Wilton affordable housing plan will have artistic touch

WILTON — A new proposal soon to come before the Planning and Zoning Commission would provide five affordable apartments in a stylish building at 2 Hollyhock Road in South Wilton. It will be called Art House.

Seventeen apartments are planned — six studios, six one-bedrooms and five two-bedrooms — according to owner and developer Gregory Clark.

“My goal is to have something very special,” he said, “to create a gem.”

Clark began his career as a consumer products designer — from razors to shoes — but in 2001, he decided to create his own brand. He pursued his dream of designing luxury, custom-made furniture, and in 2006, he built the building on Hollyhock Road to house a gallery, design studio and light production. In 2008, he added some general office tenants.

With the area’s changing population and buying habits, Clark said his business has shifted to Manhattan, where he now has gallery space.

Not needing the gallery space in Wilton, Clark turned his attention toward what the future held for his 14,700-square-foot building that sits on a half-acre.

“The office market has gotten strained, so I put out some feelers,” he said, adding he received positive feedback from First Selectwoman Lynne Vanderslice on converting the building to homes.

“It unfolded beautifully,” he said of the project.

Clark said he is focused on working with local businesses, including Wilton architect Doug Cutler and Gregory and Adams law firm.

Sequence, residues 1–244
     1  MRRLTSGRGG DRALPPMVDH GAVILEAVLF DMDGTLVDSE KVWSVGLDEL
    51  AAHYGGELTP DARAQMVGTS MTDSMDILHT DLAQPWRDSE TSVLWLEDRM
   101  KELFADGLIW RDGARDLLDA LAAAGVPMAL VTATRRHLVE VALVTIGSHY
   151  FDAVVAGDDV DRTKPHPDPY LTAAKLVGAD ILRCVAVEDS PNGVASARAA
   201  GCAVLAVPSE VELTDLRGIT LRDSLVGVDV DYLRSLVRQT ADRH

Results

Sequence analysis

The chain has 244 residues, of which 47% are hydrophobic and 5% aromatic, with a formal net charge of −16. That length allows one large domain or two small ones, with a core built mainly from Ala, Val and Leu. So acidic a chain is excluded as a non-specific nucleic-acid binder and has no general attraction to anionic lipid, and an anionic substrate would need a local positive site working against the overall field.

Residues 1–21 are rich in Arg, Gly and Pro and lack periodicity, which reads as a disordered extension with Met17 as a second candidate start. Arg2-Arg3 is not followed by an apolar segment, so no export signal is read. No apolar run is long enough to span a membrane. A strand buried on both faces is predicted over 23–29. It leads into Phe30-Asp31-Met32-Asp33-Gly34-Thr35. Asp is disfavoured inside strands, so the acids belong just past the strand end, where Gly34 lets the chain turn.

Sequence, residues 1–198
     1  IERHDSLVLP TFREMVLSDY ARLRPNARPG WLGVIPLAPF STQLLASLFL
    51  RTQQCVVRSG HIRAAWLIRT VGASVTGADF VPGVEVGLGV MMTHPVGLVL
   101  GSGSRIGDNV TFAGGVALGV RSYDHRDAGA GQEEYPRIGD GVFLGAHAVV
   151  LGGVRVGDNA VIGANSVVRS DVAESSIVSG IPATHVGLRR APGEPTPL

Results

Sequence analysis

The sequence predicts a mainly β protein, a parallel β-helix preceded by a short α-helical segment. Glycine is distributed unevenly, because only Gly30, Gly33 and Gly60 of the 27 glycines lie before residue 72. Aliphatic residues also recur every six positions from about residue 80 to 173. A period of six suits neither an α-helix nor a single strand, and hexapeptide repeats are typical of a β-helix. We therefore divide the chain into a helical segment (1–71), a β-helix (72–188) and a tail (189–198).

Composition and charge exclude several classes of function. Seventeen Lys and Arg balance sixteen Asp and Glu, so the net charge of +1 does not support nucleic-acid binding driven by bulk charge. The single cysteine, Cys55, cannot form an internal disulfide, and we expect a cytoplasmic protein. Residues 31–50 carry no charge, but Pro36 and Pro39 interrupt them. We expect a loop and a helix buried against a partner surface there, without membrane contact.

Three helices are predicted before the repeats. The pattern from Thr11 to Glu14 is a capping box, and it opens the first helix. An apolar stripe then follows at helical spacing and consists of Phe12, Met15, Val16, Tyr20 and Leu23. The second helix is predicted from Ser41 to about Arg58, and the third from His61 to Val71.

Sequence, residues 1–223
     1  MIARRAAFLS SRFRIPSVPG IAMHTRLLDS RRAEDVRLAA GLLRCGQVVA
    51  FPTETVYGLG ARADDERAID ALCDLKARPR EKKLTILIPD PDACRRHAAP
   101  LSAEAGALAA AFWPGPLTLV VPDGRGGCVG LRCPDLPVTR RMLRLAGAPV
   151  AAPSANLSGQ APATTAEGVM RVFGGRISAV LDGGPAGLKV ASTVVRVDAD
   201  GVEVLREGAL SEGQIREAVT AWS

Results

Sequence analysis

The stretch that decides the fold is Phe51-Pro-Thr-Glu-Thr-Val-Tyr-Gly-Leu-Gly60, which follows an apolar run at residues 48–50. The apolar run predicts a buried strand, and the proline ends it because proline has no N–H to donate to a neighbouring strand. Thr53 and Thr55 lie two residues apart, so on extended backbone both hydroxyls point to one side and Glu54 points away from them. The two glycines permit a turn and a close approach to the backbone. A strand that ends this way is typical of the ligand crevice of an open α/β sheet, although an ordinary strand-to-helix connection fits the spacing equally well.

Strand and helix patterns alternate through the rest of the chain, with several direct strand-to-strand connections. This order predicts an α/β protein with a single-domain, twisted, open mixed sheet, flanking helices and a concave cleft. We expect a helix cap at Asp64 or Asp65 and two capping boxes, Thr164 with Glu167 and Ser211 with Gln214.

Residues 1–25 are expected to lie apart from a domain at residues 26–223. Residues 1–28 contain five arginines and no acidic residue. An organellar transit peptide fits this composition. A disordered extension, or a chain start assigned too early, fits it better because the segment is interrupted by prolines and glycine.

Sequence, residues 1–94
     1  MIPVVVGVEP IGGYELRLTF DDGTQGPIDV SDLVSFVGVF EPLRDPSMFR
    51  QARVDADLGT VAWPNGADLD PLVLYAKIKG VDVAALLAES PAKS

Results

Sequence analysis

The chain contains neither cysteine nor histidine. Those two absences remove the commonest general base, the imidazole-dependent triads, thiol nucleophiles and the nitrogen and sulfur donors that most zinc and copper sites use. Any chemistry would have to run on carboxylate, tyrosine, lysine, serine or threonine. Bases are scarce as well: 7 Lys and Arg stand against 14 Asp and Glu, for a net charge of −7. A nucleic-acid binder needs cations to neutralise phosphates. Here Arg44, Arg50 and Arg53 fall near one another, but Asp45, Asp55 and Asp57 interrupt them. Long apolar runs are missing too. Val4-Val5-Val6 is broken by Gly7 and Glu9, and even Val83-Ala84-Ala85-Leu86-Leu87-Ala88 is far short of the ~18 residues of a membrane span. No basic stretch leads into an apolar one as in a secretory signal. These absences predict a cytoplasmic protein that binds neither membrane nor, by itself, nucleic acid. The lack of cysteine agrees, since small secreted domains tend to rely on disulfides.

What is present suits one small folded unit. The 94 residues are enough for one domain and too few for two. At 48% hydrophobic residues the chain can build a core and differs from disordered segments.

With his background in luxury furniture, he said he used top-of-the-line materials when the building was originally constructed.

“I did it just because I love it. There are hardwood floors, granite counter tops, the best windows. None of it’s broken down,” he said. “I plan on doing the same with the apartments.”

In addition to those amenities, he’s planning what he calls smart space-planning concepts, including lots of built-ins that would reduce the amount of furniture renters would need, over-sized shower stalls, and the ability to fine-tune heating and lighting.

Figuring millennials as likely renters — with ASML across the street and another corporate park next door — “they don’t want to buy expensive furniture.”

He also has ideas for three common areas with “wow” factors, including an existing cathedral ceiling.

“If you are greeting guests, you can sit in the common areas,” one of which will include a kitchenette, he said. Another will have a brochure rack for local points of interest, businesses and restaurant menus.

“On the upper loft, there will be painting easels we bought at a vintage shop that reinforces the idea of an art house,” he said, adding the hope there could be art shows in the future.

“It will all be artistically appointed,” he said.

Clark would also like to see an herb garden tenants could use and perhaps even a community garden. Tenants who like to ride on two wheels will be able to store their bicycles in the large basement.

The commission has yet to accept Clark’s application, but he hopes to be able to start work in February. His timeline would be to finish two-thirds of the apartments by the end of 2021.

He plans to apply for an 8-30g permit, but there will be no change in the building’s footprint and no significant changes to the exterior. What changes there would be in terms of doors and windows were reviewed Nov. 5 by the Architectural Review Board, which was generally supportive.